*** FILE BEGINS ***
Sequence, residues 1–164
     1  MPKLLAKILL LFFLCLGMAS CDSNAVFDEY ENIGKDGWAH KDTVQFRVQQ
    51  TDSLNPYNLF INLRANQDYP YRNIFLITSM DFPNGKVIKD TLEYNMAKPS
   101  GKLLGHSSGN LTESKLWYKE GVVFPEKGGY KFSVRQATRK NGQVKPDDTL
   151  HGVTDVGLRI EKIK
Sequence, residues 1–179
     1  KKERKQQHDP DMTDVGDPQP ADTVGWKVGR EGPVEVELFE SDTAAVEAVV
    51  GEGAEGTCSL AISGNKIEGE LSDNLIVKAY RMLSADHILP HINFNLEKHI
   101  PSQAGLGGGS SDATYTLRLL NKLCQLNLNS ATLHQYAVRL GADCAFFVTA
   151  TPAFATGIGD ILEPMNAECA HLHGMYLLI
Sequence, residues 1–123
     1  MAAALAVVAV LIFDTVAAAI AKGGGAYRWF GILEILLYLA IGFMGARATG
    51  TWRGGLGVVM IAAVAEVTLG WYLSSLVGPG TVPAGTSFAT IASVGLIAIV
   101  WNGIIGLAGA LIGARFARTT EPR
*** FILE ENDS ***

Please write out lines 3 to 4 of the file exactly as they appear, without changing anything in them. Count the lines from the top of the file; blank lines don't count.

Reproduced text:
    51  TDSLNPYNLF INLRANQDYP YRNIFLITSM DFPNGKVIKD TLEYNMAKPS
   101  GKLLGHSSGN LTESKLWYKE GVVFPEKGGY KFSVRQATRK NGQVKPDDTL